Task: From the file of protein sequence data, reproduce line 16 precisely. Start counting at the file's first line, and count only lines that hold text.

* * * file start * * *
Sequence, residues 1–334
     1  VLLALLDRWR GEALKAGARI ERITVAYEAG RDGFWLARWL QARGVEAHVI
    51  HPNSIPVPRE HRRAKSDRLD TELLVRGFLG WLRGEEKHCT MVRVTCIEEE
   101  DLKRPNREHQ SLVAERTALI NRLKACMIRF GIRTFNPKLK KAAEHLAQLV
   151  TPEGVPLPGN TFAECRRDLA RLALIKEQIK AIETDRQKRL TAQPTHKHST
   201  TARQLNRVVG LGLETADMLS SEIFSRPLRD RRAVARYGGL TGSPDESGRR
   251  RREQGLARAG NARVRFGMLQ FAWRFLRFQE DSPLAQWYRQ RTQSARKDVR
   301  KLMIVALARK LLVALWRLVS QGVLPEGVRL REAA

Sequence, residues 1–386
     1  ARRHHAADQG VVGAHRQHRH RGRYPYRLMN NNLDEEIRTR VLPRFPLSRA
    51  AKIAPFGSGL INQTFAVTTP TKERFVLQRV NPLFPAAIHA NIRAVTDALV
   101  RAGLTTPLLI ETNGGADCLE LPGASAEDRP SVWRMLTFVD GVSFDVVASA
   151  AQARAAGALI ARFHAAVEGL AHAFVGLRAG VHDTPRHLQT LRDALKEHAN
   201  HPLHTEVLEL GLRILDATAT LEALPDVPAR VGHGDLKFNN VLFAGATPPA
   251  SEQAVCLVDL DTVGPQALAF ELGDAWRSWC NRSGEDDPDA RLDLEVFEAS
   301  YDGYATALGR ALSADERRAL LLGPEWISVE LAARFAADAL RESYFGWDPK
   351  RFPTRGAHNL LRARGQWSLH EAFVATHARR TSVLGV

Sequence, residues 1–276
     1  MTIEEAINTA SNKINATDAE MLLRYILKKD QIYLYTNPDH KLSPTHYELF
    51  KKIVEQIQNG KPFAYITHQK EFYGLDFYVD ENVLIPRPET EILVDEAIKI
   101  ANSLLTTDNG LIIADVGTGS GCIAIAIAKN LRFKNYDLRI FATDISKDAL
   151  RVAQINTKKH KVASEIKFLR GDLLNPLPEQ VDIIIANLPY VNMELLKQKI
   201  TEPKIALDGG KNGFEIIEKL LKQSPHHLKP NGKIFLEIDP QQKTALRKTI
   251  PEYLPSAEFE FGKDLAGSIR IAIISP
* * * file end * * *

   301  YDGYATALGR ALSADERRAL LLGPEWISVE LAARFAADAL RESYFGWDPK